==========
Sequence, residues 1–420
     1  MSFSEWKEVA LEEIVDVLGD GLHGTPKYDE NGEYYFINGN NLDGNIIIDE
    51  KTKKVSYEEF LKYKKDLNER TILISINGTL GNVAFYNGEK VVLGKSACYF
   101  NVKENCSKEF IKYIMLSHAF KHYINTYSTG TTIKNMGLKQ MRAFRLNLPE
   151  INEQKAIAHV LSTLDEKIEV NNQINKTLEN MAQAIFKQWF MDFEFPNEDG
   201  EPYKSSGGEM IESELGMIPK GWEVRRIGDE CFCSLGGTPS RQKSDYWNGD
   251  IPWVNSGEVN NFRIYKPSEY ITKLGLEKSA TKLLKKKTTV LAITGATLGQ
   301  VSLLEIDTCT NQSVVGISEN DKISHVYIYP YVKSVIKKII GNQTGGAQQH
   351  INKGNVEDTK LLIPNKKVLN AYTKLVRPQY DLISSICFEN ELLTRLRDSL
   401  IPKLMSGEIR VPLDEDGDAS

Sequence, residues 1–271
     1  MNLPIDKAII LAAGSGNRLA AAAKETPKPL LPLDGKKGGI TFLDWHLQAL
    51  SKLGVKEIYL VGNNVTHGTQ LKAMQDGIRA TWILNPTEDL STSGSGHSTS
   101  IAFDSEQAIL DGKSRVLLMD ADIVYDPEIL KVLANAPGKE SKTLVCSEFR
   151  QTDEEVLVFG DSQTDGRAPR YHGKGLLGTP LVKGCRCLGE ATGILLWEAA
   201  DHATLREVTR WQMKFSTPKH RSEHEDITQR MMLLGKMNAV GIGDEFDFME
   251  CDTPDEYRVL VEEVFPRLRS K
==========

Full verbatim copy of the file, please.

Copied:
Sequence, residues 1–420
     1  MSFSEWKEVA LEEIVDVLGD GLHGTPKYDE NGEYYFINGN NLDGNIIIDE
    51  KTKKVSYEEF LKYKKDLNER TILISINGTL GNVAFYNGEK VVLGKSACYF
   101  NVKENCSKEF IKYIMLSHAF KHYINTYSTG TTIKNMGLKQ MRAFRLNLPE
   151  INEQKAIAHV LSTLDEKIEV NNQINKTLEN MAQAIFKQWF MDFEFPNEDG
   201  EPYKSSGGEM IESELGMIPK GWEVRRIGDE CFCSLGGTPS RQKSDYWNGD
   251  IPWVNSGEVN NFRIYKPSEY ITKLGLEKSA TKLLKKKTTV LAITGATLGQ
   301  VSLLEIDTCT NQSVVGISEN DKISHVYIYP YVKSVIKKII GNQTGGAQQH
   351  INKGNVEDTK LLIPNKKVLN AYTKLVRPQY DLISSICFEN ELLTRLRDSL
   401  IPKLMSGEIR VPLDEDGDAS

Sequence, residues 1–271
     1  MNLPIDKAII LAAGSGNRLA AAAKETPKPL LPLDGKKGGI TFLDWHLQAL
    51  SKLGVKEIYL VGNNVTHGTQ LKAMQDGIRA TWILNPTEDL STSGSGHSTS
   101  IAFDSEQAIL DGKSRVLLMD ADIVYDPEIL KVLANAPGKE SKTLVCSEFR
   151  QTDEEVLVFG DSQTDGRAPR YHGKGLLGTP LVKGCRCLGE ATGILLWEAA
   201  DHATLREVTR WQMKFSTPKH RSEHEDITQR MMLLGKMNAV GIGDEFDFME
   251  CDTPDEYRVL VEEVFPRLRS K